People ask the question: what does the US election outcome mean for Australian stocks?
The simple fact is that, over the medium to longer-term, it means very little.
Yes, in the lead-up to the election, a Trump presidency was seen as risky for stocks given his propensity to engage negatively with China – and the big market falls that tough talk generated.
But Joe Biden also presented a number of radical economic reforms (like repealing Trump’s tax cuts) that also had the potential to throw markets into a spin.
However, it looks like Congress will remain gridlocked. So the thinking is that Joe Biden will have trouble getting any major policy through Congress.
Financial markets are viewing the state of play now as a ‘goldilocks’ outcome. The uncertainty of Trump has gone, there won’t be any tax hikes, and trillions of stimulus will likely be available before Christmas.
That’s all nice, but markets want more, and they’ll likely get it too.
Also read: ASX shoots up on Covid-19 vaccine hopes
Also read: The Aussie economy: Where are we at?
Here’s what really matters
It’s record low interest rates that are really supporting both the Australian and global markets right now.
This is the narrative that’s run across developed economies for over a decade now. Interest rates approaching zero, or going negative in some cases, makes investing in the share and property markets very attractive.
And there’s more to come.
Former European Central Bank president Mario Draghi famously said the bank would do “whatever it takes” to rescue the eurozone from the brink.
Reserve Bank governor Philip Lowe drew on that at the last board meeting by saying the RBA would do “what it can”.
We know interest rates are not going to go northwards for at least 3 years. So, from a share and property markets standpoint, there’s going to be policy support as far as the eye can see.
But don’t be tricked into thinking investing is now easy
While the overall market is being supported, this doesn’t mean that all you have to do is throw money at the stock market and look the other way.
Stock market commentator Henry Jennings said it well recently when he remarked that ‘gone are the days’ when you could retire on bank dividends.
The market’s pillar stocks like banks and miners all have risks attached to them (miners rely on Australia/China relations and the banks are at the mercy of coronavirus) and there’s no getting away from that.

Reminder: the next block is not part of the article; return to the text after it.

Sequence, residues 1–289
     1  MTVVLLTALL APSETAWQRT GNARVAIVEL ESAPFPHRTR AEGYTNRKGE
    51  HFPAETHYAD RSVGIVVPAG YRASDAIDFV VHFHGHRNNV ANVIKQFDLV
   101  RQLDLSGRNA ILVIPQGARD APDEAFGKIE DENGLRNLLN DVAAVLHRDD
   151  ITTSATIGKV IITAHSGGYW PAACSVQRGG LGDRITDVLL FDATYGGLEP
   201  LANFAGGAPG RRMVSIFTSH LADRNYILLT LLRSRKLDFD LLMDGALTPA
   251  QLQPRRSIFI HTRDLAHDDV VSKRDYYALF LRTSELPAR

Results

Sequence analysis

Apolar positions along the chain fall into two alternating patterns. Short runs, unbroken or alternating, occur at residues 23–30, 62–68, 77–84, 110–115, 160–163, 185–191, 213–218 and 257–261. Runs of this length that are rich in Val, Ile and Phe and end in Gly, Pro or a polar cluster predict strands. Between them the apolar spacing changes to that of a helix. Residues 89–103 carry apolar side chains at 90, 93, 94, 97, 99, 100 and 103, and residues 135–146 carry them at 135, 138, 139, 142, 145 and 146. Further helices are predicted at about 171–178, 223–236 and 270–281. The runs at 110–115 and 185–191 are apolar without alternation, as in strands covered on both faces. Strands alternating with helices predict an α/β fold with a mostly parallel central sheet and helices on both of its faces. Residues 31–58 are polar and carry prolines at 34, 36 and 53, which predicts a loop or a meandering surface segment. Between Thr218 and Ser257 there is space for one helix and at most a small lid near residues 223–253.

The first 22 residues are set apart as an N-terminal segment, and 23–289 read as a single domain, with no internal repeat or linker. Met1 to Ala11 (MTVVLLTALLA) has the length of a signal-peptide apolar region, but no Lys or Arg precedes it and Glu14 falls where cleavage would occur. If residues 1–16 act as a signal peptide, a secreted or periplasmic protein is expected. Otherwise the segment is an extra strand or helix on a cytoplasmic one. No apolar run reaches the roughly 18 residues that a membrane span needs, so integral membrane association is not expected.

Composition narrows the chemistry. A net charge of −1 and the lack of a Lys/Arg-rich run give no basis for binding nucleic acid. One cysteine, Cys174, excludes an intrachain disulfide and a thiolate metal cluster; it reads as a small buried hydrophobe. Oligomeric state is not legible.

For example, Prime Minister Scott Morrison has vowed Joe Biden's election to the United States presidency will not change Australia's approach to climate change policies, including setting a net-zero emissions target.
The Federal Government has also refused to commit to a similar net-zero emissions target, despite Morrison describing it as "achievable".
And the banks, during the latest reporting season, pushed billions of dollars aside to sandbag their bottom lines from increasing mortgage stress.
If you’re investing in the stock market, you’ll need to find companies that are generating earnings from areas of the economy that are not too affected by pandemics or major government policy.
It’s all about returns
So investing now is about finding what level of risk you're comfortable with, and then aiming for the highest returns you can find.
The “rate of return” of an asset is normally expressed as a percentage return and tells you how fast your money is growing.
The rate of return on your money in the bank will net you a slightly positive or slightly negative figure (depending on the inflation rate and fees and charges). AMP Capital describes the return on bank deposits as “very poor”.
The rate of return on shares right now – in a well-diversified portfolio – is roughly 5 per cent, or “modest” in investor speak. But that’s sort of meaningless at the minute.
That’s because the market is still relatively volatile and investors can be easily burned.
However, there are still opportunities to make enormous profits. US tech stocks, for example, have had huge gains in overnight trading in recent weeks.
So, despite the global financial crisis and the COVID economic crisis, it’s still possible to make big money on the stock market.
The reality is that companies with solid fundamentals (good balance sheets) continue to grow. But the other crucial reason is that the share market itself has become, relatively speaking, a far more attractive place to plant your money.
The trend is your friend
Another guarantee in coming weeks and months is that the share market will be volatile.
That’s partly because Donald Trump still hasn’t left the Oval Office, but coronavirus also remains a constant threat to company earnings.
The property market is a slightly different story. A reduction in migration and higher unemployment will likely keep a cap on prices, but the property market is likely to be far less volatile than the share market.
If you’re in it for the long haul, sit tight. The market will push higher.
If you’re navigating the market day to day, it’s important to keep across the news daily.
A colleague of mine recently invested in a company that makes rockets. Personally, I can’t think of a better way to boost your return. You just have to be prepared for some fireworks.